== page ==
A brutal serial killer is preying on Hong Kong policemen and their pregnant wives. When Kit (Mak) is caught fleeing from a police roadblock, flashbacks show his past as a steamed bun seller in love with a pretty customer (Sola). Her violent assault sets him on the path to bloody retribution.
The bid to revive Hong Kong Category III movies continues with this mix of slash and sentiment. Switching between three time frames, the action reveals how bun-seller Juno Mak became besotted with mentally challenged schoolgirl Aoi Sola and why he went on a rampage slaughtering policemen and violating their pregnant wives. However, Wong Ching-Po never seems as interested in Mak’s motives as his modus operandi and the use of slow-mo is as gratuitous as the decision to let the camera linger in lurid detail over Sola’s rape when she’s mistaken for a prostitute. Performances and stylistic flourishes are audacious, but shock factor regrettably takes precedence over credibility and taste.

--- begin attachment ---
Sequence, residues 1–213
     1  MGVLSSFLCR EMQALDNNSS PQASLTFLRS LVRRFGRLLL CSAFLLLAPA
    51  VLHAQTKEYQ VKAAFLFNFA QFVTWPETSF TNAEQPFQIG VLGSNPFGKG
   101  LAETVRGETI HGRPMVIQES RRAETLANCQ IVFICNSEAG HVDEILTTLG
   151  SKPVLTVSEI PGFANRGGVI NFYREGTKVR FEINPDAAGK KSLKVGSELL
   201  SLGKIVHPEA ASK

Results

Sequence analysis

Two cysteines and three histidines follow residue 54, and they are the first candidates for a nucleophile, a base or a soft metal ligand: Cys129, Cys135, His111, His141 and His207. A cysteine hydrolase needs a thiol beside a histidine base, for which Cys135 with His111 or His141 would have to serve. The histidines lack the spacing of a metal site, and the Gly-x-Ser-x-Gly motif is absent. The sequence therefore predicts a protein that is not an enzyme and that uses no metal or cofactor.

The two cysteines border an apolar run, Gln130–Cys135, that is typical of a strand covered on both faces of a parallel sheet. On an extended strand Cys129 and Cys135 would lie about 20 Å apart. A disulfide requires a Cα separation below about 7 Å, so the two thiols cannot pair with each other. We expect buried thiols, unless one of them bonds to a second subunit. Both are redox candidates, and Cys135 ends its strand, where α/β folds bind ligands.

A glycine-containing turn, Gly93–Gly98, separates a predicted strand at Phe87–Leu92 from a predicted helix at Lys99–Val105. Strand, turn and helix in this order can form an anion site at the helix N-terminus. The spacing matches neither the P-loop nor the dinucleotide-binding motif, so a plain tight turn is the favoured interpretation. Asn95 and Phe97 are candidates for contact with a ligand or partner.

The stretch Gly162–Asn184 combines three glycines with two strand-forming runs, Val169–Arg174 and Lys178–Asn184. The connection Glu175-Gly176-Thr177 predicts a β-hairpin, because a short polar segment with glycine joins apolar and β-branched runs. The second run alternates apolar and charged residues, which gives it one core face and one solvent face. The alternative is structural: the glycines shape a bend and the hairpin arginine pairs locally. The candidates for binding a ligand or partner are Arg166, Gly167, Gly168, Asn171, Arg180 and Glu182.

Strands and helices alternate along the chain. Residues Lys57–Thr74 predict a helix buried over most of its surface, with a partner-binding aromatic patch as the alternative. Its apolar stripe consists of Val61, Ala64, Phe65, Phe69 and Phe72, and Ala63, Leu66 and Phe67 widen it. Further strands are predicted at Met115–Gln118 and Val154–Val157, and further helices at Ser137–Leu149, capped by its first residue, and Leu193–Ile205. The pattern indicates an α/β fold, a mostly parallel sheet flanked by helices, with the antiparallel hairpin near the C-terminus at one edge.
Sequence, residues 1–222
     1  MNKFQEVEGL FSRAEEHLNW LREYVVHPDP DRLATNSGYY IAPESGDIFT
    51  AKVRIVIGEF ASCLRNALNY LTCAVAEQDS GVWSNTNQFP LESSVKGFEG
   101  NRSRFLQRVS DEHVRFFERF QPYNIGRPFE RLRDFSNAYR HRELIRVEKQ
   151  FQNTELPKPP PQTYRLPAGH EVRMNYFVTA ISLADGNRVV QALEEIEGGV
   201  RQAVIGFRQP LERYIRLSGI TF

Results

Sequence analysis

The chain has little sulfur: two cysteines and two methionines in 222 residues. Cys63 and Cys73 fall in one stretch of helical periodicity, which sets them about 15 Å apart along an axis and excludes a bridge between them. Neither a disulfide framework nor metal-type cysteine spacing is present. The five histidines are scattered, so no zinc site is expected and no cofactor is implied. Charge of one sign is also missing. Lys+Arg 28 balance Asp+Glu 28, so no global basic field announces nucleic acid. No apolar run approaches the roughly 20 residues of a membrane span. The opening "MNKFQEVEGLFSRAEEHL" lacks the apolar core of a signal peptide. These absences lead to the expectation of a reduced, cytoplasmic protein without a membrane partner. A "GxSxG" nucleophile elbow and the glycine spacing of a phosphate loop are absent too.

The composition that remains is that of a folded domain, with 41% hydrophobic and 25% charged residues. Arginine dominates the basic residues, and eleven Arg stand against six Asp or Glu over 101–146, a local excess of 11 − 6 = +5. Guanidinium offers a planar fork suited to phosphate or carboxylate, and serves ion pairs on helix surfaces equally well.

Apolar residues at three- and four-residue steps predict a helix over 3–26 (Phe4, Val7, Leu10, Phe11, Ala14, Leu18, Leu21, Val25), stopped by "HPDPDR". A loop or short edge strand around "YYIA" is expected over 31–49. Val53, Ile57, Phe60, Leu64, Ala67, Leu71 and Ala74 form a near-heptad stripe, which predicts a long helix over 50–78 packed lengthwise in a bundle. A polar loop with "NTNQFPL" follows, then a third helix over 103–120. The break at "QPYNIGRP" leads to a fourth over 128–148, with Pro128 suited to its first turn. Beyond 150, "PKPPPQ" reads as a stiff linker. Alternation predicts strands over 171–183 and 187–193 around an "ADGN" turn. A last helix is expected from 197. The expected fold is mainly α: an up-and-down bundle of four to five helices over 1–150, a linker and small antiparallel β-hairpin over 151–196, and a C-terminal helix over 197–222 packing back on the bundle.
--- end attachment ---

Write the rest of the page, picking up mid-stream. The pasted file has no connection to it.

Gory and close to exploitative in its depiction of sexual violence, Ching-Po's thriller packs some serious shocks. Not for the faint-hearted.